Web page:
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Fall semester 2007 saw the beginning of extensive inventory of the main repository. Volunteer sessions were three each month and over 70,000 specimens have been inventoried in the East cage of the repository.
This was achieved from a volunteer pool of over 80 people giving a total of 336 volunteer sessions of three hours each.
This project has multiple objectives:
1. To pinpoint the location of specimens in the repository so that they can be matched with the relevant data already entered into the database.
Catalogs list all manner of attributes relating to specimens, their location, their taxonomic identity, where they were found, who collected them and so forth. Once all that information is in digital form scientists can search for material that is relevant to their projects. However, if they wish to study the actual specimens they need to be able to locate them within the repository. Our repository is so large and the collections so varied, the only feasible way to accomplish that task is to map where the specimens are located and link that location to the database of attributes.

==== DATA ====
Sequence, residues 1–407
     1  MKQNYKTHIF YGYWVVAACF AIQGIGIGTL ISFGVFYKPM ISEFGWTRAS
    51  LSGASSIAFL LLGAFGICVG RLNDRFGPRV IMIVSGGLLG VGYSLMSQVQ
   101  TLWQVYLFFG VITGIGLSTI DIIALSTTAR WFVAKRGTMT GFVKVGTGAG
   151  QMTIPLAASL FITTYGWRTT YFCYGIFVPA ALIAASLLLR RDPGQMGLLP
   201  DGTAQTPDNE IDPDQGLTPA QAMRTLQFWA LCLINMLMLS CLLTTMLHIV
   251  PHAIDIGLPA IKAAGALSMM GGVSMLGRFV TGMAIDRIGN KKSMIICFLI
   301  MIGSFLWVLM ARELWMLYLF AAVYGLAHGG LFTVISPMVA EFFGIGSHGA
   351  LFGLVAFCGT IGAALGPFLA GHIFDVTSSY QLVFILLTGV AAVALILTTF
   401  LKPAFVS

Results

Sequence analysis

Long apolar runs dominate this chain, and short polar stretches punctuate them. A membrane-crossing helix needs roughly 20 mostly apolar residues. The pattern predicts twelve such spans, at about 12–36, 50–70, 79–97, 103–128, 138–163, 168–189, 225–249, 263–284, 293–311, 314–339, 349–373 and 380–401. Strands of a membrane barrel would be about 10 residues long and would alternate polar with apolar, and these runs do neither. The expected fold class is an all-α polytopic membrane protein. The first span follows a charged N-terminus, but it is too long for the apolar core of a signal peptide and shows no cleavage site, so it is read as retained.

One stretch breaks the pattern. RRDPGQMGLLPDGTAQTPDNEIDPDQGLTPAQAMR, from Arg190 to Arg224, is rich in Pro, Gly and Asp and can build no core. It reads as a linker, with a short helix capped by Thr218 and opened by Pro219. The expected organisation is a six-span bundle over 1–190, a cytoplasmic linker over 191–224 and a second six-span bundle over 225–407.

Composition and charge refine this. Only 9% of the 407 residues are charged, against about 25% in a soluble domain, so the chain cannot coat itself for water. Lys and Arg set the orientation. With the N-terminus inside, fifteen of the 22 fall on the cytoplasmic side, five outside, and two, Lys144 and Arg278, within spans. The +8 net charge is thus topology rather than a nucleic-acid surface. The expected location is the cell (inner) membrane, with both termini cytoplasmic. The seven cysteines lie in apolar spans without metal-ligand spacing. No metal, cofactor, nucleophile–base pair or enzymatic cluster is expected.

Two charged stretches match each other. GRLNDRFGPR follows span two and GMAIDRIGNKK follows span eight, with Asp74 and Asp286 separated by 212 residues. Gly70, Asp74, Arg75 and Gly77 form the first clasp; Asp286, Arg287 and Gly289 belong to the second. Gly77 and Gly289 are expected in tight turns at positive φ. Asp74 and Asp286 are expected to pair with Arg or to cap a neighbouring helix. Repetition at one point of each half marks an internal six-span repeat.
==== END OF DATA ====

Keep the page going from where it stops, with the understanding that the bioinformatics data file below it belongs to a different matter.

2. To locate degrading specimens. The main repository is not climate controlled and certain specimens suffer from the vagaries of climate.
This project is helping to locate specimens that are clearly degrading and are in need of prompt transfer into a better controlled environment.
Especially susceptible specimens are those that are in clay matrices, those containing reactive pyrite, or are thin, fragile shells.
3. To locate type and /or figured specimens. Past curatorial practices kept important type specimens within the body of the main collection.
These specimens must be transferred to the real Type and Figured collection which is held in a more closely monitored and climate controlled environment.
They can be imaged, re-associated with the literature that describes them, and be made more accessible to researchers.
The inventory is continuing into 2010.
Volunteers are still welcome so join this project!